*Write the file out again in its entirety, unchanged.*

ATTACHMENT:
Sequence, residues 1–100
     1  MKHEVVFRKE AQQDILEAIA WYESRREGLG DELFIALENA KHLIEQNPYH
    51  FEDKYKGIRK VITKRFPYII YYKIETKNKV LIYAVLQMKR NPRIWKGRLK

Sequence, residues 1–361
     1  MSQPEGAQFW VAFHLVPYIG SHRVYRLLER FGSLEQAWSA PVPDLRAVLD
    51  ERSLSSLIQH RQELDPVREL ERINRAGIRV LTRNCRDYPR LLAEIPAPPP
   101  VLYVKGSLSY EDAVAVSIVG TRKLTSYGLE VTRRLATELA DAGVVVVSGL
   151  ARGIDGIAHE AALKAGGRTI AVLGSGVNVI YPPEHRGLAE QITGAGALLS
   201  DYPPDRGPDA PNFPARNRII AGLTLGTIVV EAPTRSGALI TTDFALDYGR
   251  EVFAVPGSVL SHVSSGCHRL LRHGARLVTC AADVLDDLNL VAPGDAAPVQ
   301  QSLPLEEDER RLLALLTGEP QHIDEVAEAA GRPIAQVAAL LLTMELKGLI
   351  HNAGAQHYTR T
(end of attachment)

Sequence, residues 1–100
     1  MKHEVVFRKE AQQDILEAIA WYESRREGLG DELFIALENA KHLIEQNPYH
    51  FEDKYKGIRK VITKRFPYII YYKIETKNKV LIYAVLQMKR NPRIWKGRLK

Sequence, residues 1–361
     1  MSQPEGAQFW VAFHLVPYIG SHRVYRLLER FGSLEQAWSA PVPDLRAVLD
    51  ERSLSSLIQH RQELDPVREL ERINRAGIRV LTRNCRDYPR LLAEIPAPPP
   101  VLYVKGSLSY EDAVAVSIVG TRKLTSYGLE VTRRLATELA DAGVVVVSGL
   151  ARGIDGIAHE AALKAGGRTI AVLGSGVNVI YPPEHRGLAE QITGAGALLS
   201  DYPPDRGPDA PNFPARNRII AGLTLGTIVV EAPTRSGALI TTDFALDYGR
   251  EVFAVPGSVL SHVSSGCHRL LRHGARLVTC AADVLDDLNL VAPGDAAPVQ
   301  QSLPLEEDER RLLALLTGEP QHIDEVAEAA GRPIAQVAAL LLTMELKGLI
   351  HNAGAQHYTR T